Literacy, Teens, Refugees, and Soccer

Authors

  • Eric Dwyer Florida International University
  • Mary Lou McCloskey Educo

DOI:

https://doi.org/10.25071/1920-7336.37509

Abstract

This study examined the literacy development of teenage refugee boys in a one-month intensive summer literacy camp. Th e study intervention sought to abate literacy regression among language minority students in a suburban southern US city by combining physical training and promotion of literacy culture. Students experienced an intensive schedule of athletics and reading/writing workshops. Data were collected regarding student writing, reading proficiency, and dispositions toward literacy practices. Outcomes included increased expressed student enjoyment expressed for both reading and writing, especially for the experience of older students reading to younger peers. In addition, data indicated that summer literacy regression was largely avoided. However, reading proficiency level assessments foreshadow obstacles for students in achieving timely high school graduation. Finally, means used by mainstream teachers of assessing the literacy of refugee students, especially compared to assessments of proficient English-speaking students, are critiqued.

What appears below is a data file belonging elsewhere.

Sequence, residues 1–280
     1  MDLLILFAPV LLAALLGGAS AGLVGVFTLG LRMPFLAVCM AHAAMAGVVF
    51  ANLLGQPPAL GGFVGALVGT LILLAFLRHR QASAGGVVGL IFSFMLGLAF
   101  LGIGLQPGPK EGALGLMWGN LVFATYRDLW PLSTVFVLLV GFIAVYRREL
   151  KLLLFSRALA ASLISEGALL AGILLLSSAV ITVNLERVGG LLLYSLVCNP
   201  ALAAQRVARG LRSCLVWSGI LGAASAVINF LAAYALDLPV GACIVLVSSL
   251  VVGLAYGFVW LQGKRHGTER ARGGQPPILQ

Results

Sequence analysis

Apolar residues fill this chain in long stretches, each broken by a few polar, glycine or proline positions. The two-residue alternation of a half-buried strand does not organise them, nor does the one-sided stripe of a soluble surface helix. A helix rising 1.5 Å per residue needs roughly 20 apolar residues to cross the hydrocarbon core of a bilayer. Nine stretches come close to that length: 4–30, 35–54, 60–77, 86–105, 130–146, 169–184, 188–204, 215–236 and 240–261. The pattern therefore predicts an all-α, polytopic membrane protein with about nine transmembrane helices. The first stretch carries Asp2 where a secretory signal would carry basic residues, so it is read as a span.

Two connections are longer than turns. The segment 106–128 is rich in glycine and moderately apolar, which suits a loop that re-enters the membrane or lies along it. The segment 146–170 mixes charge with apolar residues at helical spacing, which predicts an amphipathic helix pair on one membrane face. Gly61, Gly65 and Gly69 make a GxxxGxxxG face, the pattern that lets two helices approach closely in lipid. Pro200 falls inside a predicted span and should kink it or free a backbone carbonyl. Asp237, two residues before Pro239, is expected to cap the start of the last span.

Author Biographies

Eric Dwyer, Florida International University

Eric Dwyer is Associate Professor in the Department of
Teaching and Learning, Florida International University,
Miami, Florida

Mary Lou McCloskey, Educo

Mary Lou McCloskey is Director of Teacher Development and Curriculum Design at Educo, Atlanta, Georgia.

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Published

2013-10-18

How to Cite

Dwyer, E., & McCloskey, M. L. (2013). Literacy, Teens, Refugees, and Soccer. Refuge: Canada’s Journal on Refugees, 29(1), 87–101. https://doi.org/10.25071/1920-7336.37509